Time to reinvent your developer conference trip policy
With the ticket sales storm of Build 2016, it is now officially time to reinvent your IT conference policy.
Microsoft-focused software companies have traditionally educated their developers in conferences run by Microsoft. This has been both a boon and a bane â€“ many devs have learned their Microsoft stack well and with reasonable cost, but at the same time they have grown into the narrow-minded monoculture that has so pervaded the enterprise dev conferences. But things are changing.
Back in the old days, Microsoftâ€™s offering for developers has been twofold: There has been the Professional Developers Conference (PDC) for product launches and a future view, and TechEd for continuous education. PDC wasnâ€™t an every year event, but reserved only for years where there was something special to announce. TechEd was held every year, around the world â€“ and was aimed at both developers and IT professionals.
PDC became Build, and weâ€™ve had it every year now. It has always been a US-only event. TechEd later swallowed a few other conferences and then reincarnated into Ignite, and it has only been held in the US (once this far). Although Ignite has some developer sessions, it is really geared at platform understanding. Not really the material for most developers, at least if Ignite 2015 can be judged upon.
The disappearing dev conferences
With Ignite having retreated to the US and IT Pro worlds, developers are only left with Build. And you canâ€™t use Build to educate your developers. This year, those few thousand tickets they sell for a Buildâ€¦ they sold out in five minutes.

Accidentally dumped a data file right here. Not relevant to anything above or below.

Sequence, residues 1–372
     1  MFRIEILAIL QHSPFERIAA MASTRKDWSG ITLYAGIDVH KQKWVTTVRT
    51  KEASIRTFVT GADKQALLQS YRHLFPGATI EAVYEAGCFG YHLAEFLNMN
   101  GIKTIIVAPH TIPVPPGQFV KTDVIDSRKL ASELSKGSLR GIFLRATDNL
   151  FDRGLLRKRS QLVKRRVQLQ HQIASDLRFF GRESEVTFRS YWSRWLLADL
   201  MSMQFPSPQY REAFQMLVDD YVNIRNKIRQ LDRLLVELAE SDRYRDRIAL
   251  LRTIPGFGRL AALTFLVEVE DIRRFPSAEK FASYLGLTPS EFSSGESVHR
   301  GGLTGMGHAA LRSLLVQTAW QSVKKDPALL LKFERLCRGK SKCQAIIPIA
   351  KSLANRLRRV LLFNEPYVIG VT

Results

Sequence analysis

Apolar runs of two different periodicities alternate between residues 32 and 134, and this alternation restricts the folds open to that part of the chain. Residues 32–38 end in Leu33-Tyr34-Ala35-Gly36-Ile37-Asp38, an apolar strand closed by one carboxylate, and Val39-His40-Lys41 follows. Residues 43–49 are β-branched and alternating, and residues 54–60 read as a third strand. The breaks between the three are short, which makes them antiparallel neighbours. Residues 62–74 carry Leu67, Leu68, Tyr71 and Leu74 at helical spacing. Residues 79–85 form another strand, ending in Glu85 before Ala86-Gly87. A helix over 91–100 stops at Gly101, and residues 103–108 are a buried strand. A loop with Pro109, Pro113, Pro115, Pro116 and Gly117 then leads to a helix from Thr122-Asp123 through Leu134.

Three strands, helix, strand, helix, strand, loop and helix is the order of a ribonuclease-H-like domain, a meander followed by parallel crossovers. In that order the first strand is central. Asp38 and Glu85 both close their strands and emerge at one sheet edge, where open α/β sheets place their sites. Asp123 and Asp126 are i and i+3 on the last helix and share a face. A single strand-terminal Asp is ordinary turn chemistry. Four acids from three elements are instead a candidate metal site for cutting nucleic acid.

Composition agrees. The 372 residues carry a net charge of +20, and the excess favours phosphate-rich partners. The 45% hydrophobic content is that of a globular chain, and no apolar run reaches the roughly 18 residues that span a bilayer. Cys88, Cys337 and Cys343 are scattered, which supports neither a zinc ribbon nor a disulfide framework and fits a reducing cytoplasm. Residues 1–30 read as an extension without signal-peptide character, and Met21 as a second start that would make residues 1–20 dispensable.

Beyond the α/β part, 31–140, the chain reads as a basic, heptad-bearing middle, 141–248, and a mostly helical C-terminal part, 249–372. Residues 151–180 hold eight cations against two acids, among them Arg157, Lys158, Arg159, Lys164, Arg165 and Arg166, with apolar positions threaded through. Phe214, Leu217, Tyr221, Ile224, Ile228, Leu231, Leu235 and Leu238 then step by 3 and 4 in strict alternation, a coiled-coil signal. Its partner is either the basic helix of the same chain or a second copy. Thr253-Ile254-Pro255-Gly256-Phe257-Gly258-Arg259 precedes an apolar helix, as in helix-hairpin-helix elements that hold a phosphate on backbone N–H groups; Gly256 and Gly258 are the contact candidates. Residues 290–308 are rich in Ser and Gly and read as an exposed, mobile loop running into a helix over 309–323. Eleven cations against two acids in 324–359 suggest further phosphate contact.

So even if youâ€™re ready to pay for the cost of a three-day conference in the rather expensive San Francisco, thereâ€™s no guarantee youâ€™ll get in.
And if you happen to be one of the lucky ones, the conference is all about laying the groundwork for the future, not education for your everyday dev job.
Soâ€¦ With little fanfare, we have moved into a world where Microsoft dev partners need to look outside Microsoftâ€™s conference offerings to educate their developers. Your local Microsoft subsidiary may have something, but rarely anything even close to the magnitude of a TechEd in your own continent.
What if you're a Finn?
If you're into ASP.NET Core (formerly known as ASP.NET 5) development, also check out our one-day ASP.NET Core seminar!
What to do in 2016?
Look for other options. They exist both locally and globally. Here are some ideas, mostly from a Finnish perspective:
- NDC Oslo â€“ in Norway, June
- Build Stuff 2016 â€“ in Lithuania, November
- DevIntersection: Orlando in April, Las Vegas in October or Amsterdam in November
- VSLive! â€“ 7 four-day event around the US
There are probably a lot of others â€“ typically thereâ€™s been an Oredev (in MalmÃ¶, Sweden), but Iâ€™m seeing no details for 2016 yet. Many small conferences have improved over the last few years, and getting more attendees will help them improve further.
Also, start taking your online resources seriously. Channel9, Microsoft Virtual Academy and Pluralsight are nothing to be scoffed at. Employers need to accept that just doling out subscriptions and study time may well be one of the most effective approaches to some learning challenges.